A number of changes have been made to the government’s KiwiSaver savings scheme.
The changes include:
1. New contribution rates
Two new contribution rates have been added. This means that if you’re employed, you can now choose to contribute 3, 4, 6, 8 or 10 per cent from your pay packet, starting from 1 April.
The two new rates are 6 and 10 per cent.
“Adding more contribution rates gives members more flexibility and control over their saving,” says Peter Cordtz, the acting Retirement Commissioner.
“We’ve had many New Zealanders tell us that the gap between 4 and 8 per cent is too large for those able to contribute more, so they feel stuck on the lower rates,” Cordtz says.
“Others want the ability to save even more for their retirement.”
2. More people can join
People aged over 65 can now join KiwiSaver, and there’s no longer a lock-in period for them.
Previously, there was a lock-in period that meant people over 60 had to remain in the scheme for five years before they could take out their money. Both these changes take effect from 1 July.
3. Name change from ‘contributions holiday’
The name of any break you take from KiwiSaver has been changed too, starting from 1 April. Instead of being called a ‘contributions holiday’, it’s called a ‘savings suspension’.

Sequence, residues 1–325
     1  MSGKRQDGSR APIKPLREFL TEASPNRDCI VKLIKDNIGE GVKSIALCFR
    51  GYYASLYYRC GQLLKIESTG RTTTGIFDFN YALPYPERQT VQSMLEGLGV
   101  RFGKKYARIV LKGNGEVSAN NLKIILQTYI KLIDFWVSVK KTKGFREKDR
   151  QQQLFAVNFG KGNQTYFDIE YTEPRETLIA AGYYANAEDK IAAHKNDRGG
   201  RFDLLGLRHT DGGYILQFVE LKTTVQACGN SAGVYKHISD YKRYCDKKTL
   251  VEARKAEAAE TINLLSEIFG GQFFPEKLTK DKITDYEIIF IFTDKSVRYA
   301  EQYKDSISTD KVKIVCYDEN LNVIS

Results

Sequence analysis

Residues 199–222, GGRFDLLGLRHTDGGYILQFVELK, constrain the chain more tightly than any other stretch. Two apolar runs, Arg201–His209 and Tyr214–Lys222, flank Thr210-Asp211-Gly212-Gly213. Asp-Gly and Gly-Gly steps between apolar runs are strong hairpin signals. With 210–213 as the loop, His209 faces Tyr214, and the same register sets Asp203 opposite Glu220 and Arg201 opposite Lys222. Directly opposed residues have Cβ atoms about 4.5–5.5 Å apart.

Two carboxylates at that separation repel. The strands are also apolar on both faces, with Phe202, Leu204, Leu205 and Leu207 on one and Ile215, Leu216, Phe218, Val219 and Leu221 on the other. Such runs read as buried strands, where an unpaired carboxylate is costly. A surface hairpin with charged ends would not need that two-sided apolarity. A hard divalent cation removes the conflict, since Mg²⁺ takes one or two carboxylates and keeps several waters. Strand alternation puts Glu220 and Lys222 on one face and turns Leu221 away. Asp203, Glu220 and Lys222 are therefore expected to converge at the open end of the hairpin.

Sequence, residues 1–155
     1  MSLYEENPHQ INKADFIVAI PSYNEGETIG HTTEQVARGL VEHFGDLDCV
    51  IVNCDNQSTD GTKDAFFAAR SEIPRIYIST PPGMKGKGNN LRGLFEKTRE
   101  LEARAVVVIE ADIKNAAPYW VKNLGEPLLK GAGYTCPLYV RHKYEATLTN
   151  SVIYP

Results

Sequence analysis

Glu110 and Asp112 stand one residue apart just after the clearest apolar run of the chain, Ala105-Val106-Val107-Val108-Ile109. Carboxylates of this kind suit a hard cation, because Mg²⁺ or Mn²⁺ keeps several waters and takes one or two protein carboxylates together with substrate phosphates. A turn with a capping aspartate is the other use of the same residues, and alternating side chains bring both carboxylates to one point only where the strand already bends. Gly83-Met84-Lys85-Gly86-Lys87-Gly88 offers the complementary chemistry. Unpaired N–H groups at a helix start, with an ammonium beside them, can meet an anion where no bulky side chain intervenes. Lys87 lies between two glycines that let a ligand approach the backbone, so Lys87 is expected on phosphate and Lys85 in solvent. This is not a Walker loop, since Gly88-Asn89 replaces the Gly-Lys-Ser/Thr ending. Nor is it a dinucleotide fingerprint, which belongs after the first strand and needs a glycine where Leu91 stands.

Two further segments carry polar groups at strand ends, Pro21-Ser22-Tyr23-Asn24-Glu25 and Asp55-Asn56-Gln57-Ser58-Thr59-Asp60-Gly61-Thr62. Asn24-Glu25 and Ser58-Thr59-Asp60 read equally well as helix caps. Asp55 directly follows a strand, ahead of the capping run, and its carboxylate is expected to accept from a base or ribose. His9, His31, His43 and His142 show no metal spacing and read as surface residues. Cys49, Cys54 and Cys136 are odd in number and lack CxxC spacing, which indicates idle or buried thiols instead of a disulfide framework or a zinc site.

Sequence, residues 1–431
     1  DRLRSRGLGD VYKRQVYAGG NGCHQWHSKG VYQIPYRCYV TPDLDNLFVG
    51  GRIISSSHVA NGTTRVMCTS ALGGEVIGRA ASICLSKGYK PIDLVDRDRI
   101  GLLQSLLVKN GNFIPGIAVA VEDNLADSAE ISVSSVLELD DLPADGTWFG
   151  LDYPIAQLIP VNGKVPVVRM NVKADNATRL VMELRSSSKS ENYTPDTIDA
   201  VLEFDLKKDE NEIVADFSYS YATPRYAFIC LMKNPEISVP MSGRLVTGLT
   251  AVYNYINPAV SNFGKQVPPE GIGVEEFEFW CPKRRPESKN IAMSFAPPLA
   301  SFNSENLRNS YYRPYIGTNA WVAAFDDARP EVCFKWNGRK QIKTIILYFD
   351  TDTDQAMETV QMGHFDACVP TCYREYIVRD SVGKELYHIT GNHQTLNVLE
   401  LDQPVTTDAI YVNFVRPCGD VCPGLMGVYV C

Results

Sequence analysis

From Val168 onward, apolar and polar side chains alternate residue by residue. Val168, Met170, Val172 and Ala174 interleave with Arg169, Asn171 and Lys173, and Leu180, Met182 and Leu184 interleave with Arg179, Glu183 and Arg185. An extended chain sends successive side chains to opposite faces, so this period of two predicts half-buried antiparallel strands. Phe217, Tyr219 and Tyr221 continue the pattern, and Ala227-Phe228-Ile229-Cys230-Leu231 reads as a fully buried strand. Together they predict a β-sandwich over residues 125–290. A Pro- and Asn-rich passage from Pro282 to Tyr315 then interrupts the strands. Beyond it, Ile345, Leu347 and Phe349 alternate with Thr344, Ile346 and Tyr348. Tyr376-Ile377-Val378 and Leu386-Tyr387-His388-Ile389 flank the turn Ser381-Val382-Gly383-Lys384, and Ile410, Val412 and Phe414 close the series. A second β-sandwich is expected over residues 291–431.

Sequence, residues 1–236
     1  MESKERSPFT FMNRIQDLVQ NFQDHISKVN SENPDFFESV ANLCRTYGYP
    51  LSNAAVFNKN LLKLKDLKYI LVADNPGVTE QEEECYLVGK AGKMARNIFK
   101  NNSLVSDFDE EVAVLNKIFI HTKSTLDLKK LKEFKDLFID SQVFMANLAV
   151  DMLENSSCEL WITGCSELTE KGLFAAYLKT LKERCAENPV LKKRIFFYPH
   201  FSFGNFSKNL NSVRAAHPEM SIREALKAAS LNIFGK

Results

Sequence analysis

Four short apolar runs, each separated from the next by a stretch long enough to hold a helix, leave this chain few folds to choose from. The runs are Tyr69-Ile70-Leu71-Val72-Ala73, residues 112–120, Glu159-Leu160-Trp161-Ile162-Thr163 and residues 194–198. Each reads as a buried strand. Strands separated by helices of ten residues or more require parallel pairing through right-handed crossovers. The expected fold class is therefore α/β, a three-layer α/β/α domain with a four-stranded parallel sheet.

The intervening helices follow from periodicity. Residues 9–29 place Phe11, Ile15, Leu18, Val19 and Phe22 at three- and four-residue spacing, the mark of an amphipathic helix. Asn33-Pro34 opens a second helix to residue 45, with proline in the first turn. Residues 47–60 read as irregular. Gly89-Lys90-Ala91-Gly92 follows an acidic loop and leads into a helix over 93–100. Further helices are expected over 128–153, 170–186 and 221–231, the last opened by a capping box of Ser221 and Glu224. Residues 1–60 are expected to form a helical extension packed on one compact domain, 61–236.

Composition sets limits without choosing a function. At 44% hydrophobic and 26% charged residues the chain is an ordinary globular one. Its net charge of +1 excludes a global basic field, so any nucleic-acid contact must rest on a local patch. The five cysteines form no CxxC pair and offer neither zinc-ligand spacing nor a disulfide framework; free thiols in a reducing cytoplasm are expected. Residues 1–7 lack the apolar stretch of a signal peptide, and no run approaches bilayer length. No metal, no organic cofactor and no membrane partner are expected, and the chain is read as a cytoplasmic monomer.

The Commission for Financial Capability suggested changing the name because it felt the word ‘holiday’ sounded too positive, and the name ‘savings suspension’ would better explain what it was.
When you applied for a break, by default it used to be five years’ long, but now that’s been reduced to just one year.
The commission says in the year ended 31 June 2018, 136,000 members were on a contributions holiday. Almost 84 per cent intended to suspend saving for the whole five years.
“Stopping contributions for five years has a significant impact and disrupts long-term savings,” Cordtz says.
4. Name change to Member Tax Credit
The money you get from the government each year, if you contribute enough, is having a name change and is now called a Government Contribution. It used to be called a Member Tax Credit, or MTC.
Published 25 March 2019
Story by Claire Connell
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